No half measures at the Bar – Sean, the shepherd of thirsty sailors, outdid himself this year. Keeping everyone comfortable while constrained is no mean feat. Basil Fawlty would have eaten his hat observing the slick operation of dining every evening, with multiple sittings to ensure as many could get a seat at the table while we remained at a safe distance.

What's the code flag for 'lie-in'? – On Tuesday, many of the fleet were still in bed when they heard the happy news... "No sailing for the day, already decided." It was blowing smoke. The race officer's name was blessed over the eventual breakfast to follow.

A family feud – The top end of the fleet got a lot taller this year. On multiple occasions, it seemed the fleet was watching a feud for first between the two McMullin boats, 151 and 67. Needless to say not a word was whispered as they remained hot on each other's heels. Great Danes never tend to bark I suppose!

The SODs at Lough Ree experimented with windward-leeward coursesIn a Con Murphy innovation this year, the SODs at Lough Ree experimented with windward-leeward courses. They found that there were more place changes on the runs than on the beats. Photo: Con Murphy

Horses for Courses – Generously helping out
 on the committee boat, Con Murphy and Cathy Mac Aleavey joined Alan Algeo and the team for the first three days and brought with them a common course used in the Water Wags, a sausage with a gate at the leeward end. The shape has other names of course, but all the same, it is a rarity to experience a dead downwind in Shannon One Designs. In the suitable wind strengths we had, it proved hugely beneficial in keeping the fleet tighter together, and on several occasions, more places changed downwind than back up the following beat.

Ironically (against its intention) it also proved
 to result in considerably more chaos at the leeward roundings with death-defying angles 
of approach and crash gybes a-plenty.


Shannon One Designs get to grips with a lee gate"After you". "Oh no, after you…." The Shannon One Designs get to grips with a lee gate. Photo: Con Murphy

A sensational showdown – I'd welcome the correction from any reader on the point of stating this was the most competitive championship we have ever seen. Leading into the final race, four boats could have taken gold. They'll each agree however that remaining at the top of the fleet through the week was no mean feat. We had numerous race winners throughout the week and every race proved to be a game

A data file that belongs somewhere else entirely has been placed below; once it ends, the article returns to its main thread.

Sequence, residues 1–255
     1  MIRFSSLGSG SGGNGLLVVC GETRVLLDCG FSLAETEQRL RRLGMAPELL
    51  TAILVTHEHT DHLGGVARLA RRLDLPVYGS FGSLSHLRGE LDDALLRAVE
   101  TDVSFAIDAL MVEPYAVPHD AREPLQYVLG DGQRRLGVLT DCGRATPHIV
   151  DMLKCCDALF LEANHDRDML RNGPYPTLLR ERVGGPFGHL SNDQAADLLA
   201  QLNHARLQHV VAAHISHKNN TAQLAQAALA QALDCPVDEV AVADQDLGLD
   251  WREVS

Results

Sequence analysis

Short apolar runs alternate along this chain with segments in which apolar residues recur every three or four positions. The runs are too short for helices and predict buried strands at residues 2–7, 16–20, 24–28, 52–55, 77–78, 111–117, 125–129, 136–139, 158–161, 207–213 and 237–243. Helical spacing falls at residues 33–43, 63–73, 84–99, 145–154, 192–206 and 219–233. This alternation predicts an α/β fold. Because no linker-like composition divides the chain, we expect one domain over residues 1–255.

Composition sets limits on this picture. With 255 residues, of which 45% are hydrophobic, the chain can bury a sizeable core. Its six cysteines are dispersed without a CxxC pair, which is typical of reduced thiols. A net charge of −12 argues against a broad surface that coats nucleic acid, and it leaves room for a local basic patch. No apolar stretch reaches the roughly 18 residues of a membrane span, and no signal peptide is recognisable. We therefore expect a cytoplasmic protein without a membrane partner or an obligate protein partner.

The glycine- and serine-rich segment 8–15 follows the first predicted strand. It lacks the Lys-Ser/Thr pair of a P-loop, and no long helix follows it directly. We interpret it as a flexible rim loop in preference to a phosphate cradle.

of snakes and ladders with a few wings being clipped, and several Lazarus recoveries.

Andrew Mannion in Number 97 came out tops, his crew including subsequent Irish Mirror National Champion Caolan Croasdell who did the Mirror business up in Sligo a week later as reported on Afloat.ie, where for obvious reasons he acquired the nickname of "The Hat".

Andrew Mannion in 97, his crew including Irish Mirror National Champion 2020 Caolan Croasdell, was Shannon One Design Overall Champion at Lough Ree YC Quarter Millennial RegattaAndrew Mannion in 97, his crew including Irish Mirror National Champion 2020 Caolan Croasdell, was Shannon One Design Overall Champion at Lough Ree YC Quarter Millennial Regatta. Photo: Con Murphy

MOVING SOUTH TO LOUGH DERG

Having put in a determinedly-compliant event at Lough Ree, everyone knew that the complexities of the regulated transference of fleet operations downriver to Lough Derg would see some change in personnel, and though 25 Shannon One Designs raced at Lough Ree and 18 raced at Lough Derg (where general fleet numbers were made up by additional classes such as the Squibs), in all only five SODs managed to do both and thereby qualify for the Delany Memorial Salver.
Stephen Day take up the story of the Week at Dromineer:

Hot off the heels of a successful Lough Ree Annual Regatta, 18 Shannon One Designs turned up for a week's racing on the shores of Lough Derg, but unfortunately, on several occasions the wind did not make it to Dromineer.

Patrick Blaney obliged as PRO, but he and his team had their work cut out all week.
 Where Lough Ree had a stop-everything gale on the Tuesday, a week later we were held ashore by calm for the morning, and despite best efforts to race in the afternoon, we couldn't.